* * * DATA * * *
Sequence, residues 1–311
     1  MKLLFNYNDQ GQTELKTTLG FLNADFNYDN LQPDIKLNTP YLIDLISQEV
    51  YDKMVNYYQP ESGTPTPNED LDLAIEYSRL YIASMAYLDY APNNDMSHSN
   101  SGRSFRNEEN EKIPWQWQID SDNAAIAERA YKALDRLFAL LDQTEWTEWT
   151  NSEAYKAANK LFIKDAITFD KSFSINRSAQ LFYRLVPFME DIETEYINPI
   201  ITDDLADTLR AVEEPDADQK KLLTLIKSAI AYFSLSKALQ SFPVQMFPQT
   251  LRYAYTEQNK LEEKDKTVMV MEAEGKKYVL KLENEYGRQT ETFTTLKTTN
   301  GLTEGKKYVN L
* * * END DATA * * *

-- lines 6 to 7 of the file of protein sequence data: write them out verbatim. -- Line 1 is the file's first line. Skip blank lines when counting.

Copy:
   201  ITDDLADTLR AVEEPDADQK KLLTLIKSAI AYFSLSKALQ SFPVQMFPQT
   251  LRYAYTEQNK LEEKDKTVMV MEAEGKKYVL KLENEYGRQT ETFTTLKTTN